Lily Allen, who appeared thrilled as she revealed that her divorce from Sam Cooper was finalised three days ago.. The singer, who is thought to have separated from Cooper around two years ago after being married since 2011, also said that she and her ex-husband are still "really friendly". (Ian West/PA Wire)
Lily Allen appeared thrilled as she revealed that her divorce from Sam Cooper was finalised three days ago.
The singer, who is thought to have separated from Cooper around two years ago after being married since 2011, also said that she and her ex-husband are still "really friendly".
Allen told ITV's Loose Women about making her new album: "It was a bit of a weird circumstance for me.
"I went through a separation and a divorce, actually, now three days - yay!"
As the 33-year-old said "yay", she fist-pumped, and then laughed.
She added: "And so, me and my husband share custody of our kids - we do a week on and a week off, which actually is really useful for my work, because when he's got them, I can concentrate fully on my work in the studio."
She said the custody agreement was not something she and Cooper had discussed, adding: "We both love our kids, we're both still really friendly, our kids go to school equidistant between both our houses and so it just worked out like that."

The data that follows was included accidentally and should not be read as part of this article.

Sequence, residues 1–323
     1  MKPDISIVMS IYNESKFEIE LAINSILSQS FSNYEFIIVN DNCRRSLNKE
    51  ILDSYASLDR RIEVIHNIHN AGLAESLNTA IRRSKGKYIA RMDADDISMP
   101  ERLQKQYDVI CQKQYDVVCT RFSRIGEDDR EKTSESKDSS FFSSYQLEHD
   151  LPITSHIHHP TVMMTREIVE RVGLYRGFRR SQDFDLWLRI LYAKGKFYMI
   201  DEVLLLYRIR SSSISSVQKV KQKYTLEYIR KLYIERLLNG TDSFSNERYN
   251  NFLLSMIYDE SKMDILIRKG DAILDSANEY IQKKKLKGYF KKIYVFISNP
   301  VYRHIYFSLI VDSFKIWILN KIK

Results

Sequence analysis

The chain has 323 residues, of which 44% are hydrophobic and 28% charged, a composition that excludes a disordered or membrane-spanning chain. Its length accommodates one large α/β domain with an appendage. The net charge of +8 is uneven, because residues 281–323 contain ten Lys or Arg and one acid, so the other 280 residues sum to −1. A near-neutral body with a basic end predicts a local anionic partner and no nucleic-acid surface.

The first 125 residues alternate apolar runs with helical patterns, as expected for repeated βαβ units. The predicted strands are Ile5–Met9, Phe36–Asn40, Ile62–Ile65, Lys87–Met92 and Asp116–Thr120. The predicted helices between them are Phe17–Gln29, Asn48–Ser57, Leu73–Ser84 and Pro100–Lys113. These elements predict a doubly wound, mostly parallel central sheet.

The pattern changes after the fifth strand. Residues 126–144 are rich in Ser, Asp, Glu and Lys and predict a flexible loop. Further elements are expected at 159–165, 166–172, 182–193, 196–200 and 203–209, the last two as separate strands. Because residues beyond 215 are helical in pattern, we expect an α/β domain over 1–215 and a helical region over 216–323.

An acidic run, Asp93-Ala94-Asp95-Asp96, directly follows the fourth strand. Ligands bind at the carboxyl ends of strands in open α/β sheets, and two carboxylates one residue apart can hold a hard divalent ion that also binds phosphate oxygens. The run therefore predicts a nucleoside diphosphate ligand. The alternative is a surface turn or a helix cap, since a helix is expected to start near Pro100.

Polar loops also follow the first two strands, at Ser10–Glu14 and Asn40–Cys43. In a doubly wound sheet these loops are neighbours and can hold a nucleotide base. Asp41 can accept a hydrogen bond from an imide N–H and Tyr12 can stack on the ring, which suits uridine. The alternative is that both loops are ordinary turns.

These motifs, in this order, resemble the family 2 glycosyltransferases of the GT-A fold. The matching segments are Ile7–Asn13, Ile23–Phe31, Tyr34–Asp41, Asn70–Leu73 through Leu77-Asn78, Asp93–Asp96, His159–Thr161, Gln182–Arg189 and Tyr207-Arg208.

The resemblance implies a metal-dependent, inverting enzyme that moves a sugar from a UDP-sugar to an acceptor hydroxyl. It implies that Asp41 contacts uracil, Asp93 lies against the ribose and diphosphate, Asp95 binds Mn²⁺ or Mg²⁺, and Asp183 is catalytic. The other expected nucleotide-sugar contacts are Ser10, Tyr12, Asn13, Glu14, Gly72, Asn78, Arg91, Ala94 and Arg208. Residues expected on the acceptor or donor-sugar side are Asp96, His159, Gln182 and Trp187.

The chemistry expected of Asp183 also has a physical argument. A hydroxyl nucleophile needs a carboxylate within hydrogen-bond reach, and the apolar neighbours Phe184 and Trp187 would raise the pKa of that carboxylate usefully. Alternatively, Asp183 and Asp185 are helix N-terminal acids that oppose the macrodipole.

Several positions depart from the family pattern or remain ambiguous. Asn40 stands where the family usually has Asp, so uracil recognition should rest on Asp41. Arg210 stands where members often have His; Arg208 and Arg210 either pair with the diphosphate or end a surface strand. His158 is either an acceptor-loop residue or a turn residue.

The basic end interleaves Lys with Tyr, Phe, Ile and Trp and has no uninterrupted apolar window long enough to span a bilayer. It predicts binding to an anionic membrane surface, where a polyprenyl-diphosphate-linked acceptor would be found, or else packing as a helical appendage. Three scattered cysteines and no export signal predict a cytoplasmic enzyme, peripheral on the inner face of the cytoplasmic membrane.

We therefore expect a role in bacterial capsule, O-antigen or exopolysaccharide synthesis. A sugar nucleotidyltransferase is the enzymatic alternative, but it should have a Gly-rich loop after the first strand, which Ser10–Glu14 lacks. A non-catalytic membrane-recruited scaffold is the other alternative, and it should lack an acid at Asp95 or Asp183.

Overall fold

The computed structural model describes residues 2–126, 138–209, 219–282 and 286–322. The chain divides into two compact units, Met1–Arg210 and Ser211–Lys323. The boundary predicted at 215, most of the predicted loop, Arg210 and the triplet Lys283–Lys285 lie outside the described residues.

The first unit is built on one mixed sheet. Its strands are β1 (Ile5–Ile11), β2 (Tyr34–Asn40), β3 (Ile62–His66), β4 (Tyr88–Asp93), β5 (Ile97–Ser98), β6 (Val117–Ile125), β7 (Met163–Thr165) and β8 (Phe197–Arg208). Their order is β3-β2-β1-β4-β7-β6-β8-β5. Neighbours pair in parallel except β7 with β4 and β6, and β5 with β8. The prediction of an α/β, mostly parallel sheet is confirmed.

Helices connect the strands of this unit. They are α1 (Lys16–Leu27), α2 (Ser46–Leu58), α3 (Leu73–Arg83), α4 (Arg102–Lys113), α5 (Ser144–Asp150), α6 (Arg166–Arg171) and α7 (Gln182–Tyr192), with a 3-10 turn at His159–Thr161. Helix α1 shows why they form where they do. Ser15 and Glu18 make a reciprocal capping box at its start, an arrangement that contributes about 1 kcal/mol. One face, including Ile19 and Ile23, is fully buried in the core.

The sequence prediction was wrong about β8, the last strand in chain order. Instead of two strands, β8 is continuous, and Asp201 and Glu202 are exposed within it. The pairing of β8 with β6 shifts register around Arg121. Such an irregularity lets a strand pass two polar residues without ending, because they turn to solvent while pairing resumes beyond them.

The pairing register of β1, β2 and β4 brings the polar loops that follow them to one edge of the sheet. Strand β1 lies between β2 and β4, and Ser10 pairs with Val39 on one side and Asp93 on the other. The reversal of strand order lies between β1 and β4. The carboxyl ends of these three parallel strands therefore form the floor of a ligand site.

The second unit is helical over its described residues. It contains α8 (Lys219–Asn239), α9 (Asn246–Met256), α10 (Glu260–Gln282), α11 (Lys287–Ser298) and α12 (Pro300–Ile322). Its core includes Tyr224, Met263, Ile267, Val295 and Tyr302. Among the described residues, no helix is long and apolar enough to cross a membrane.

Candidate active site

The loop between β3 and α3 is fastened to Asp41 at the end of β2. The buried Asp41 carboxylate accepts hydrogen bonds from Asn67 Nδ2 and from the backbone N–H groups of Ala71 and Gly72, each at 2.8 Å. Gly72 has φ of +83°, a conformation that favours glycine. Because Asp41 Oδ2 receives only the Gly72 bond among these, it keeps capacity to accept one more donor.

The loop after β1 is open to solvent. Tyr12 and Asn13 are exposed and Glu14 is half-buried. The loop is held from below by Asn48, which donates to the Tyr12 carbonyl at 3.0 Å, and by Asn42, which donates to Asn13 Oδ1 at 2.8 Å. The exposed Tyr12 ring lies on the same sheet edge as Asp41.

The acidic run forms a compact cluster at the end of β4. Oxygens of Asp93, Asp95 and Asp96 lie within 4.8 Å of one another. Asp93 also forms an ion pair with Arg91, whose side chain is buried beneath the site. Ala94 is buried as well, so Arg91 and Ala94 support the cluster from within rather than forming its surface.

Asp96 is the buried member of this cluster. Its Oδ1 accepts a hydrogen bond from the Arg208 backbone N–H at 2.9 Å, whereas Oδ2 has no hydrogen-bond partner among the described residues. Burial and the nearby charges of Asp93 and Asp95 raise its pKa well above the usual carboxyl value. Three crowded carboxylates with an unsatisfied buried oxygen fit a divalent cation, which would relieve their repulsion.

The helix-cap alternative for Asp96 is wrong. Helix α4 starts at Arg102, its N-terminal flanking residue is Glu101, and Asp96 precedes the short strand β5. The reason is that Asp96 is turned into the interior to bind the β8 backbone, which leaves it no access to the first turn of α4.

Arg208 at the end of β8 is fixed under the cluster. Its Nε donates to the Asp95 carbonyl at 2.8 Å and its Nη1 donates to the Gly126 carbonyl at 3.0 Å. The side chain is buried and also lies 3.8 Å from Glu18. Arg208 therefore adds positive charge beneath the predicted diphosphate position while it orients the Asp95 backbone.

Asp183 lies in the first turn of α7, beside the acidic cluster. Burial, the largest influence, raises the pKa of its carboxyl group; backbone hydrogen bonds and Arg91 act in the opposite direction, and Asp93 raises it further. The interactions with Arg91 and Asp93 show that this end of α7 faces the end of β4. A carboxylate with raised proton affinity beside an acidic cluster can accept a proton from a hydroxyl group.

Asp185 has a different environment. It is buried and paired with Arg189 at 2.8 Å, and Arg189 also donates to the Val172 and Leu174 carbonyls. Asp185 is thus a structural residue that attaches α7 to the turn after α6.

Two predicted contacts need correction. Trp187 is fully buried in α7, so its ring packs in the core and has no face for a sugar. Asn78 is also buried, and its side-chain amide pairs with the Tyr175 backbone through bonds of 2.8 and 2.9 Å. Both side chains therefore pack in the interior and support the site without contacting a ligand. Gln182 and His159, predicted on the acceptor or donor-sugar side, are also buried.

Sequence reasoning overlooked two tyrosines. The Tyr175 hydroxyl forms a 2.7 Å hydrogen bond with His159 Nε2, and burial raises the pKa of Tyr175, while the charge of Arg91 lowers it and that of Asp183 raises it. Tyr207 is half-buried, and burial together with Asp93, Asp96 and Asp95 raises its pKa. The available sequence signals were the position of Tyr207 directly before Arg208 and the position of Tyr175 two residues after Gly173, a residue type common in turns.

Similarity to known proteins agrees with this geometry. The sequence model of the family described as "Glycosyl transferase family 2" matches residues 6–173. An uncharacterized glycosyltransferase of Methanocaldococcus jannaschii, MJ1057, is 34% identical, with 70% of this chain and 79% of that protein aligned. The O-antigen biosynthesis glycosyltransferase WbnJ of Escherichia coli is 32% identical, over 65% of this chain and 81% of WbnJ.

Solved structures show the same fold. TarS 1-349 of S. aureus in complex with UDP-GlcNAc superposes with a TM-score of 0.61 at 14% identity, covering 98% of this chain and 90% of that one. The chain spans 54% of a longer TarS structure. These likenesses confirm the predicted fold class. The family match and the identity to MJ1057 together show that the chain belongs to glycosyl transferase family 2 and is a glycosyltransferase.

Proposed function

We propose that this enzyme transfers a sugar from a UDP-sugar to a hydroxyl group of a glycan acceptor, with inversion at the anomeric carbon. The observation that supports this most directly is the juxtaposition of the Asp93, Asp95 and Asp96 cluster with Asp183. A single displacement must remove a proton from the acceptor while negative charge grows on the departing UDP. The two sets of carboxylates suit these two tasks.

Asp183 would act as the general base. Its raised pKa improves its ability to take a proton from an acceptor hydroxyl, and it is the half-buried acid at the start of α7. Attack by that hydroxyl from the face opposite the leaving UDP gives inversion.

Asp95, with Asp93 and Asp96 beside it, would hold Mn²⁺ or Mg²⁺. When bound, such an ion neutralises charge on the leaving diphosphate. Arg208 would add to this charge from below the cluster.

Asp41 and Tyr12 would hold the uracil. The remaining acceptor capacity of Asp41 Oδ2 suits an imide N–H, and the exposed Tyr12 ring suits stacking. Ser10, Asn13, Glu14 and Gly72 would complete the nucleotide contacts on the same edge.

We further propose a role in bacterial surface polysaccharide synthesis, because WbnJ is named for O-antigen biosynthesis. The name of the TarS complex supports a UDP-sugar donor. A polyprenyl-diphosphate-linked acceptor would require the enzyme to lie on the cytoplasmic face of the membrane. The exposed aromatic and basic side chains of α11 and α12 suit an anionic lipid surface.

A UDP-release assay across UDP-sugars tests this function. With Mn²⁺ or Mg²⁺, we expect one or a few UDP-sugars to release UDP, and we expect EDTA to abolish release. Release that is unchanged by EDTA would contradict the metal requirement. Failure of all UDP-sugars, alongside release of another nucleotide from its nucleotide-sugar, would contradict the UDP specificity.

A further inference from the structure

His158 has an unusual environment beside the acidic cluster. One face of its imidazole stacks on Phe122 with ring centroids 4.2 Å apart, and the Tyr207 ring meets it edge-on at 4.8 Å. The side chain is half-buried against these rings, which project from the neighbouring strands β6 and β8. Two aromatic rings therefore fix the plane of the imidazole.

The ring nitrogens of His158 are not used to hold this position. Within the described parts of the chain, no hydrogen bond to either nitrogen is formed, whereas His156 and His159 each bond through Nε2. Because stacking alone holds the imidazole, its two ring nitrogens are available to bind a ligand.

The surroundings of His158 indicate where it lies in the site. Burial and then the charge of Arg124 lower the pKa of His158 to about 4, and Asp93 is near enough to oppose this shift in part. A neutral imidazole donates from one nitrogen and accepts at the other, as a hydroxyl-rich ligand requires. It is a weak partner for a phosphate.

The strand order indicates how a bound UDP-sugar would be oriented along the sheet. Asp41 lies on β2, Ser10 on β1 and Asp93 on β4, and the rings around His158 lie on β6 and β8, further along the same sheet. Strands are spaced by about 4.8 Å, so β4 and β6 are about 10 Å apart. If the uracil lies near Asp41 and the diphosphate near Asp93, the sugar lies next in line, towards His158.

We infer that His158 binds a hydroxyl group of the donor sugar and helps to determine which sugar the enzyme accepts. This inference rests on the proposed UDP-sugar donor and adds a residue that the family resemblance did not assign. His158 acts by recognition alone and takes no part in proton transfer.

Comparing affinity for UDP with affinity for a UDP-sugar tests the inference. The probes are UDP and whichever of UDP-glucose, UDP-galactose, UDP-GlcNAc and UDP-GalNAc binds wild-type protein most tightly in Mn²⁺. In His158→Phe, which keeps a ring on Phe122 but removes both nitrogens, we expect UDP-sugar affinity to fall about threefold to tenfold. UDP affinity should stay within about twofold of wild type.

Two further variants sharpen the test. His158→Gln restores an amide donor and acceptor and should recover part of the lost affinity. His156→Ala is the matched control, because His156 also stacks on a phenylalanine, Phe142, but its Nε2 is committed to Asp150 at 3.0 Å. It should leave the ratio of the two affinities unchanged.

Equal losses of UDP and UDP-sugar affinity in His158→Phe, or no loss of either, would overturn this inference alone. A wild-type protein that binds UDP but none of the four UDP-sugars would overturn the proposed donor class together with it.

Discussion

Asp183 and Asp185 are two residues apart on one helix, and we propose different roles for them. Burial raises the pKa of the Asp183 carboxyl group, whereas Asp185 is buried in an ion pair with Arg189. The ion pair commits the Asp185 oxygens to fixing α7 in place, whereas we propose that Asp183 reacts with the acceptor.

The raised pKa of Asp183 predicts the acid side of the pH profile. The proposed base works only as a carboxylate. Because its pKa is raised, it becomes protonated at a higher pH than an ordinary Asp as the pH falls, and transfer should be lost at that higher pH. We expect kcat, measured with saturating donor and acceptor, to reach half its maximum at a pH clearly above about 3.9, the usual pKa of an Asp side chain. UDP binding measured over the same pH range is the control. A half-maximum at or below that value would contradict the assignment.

Allen and Cooper have two daughters together - Ethel, six, and Marnie, five.
She and property developer Cooper tied the knot in July 2011 while she was pregnant with her eldest child.
The Smile hitmaker said her new album No Shame, which is released on Friday, has been influenced by her split from Cooper, and also includes a song from the perspective of her daughters.
Allen told Loose Women: "I wrote a song called Three from the perspective of my children, it's not about my day-to-day existence - it's more like when I leave to go on tour for periods of time."
She said that "half is what I imagine them to be thinking, and half what I project on to them".
Explaining one of the reasons behind the album's name No Shame, Allen said it's about "having the confidence to own my own narrative and my work".
"So often people like to attribute my success to the men behind me, whether it's Mark Ronson or the record company, and it's quite difficult as a woman to go 'No, I did this, this is my thing'.
"And sometimes we feel guilty and shameful for being successful, in some ways."
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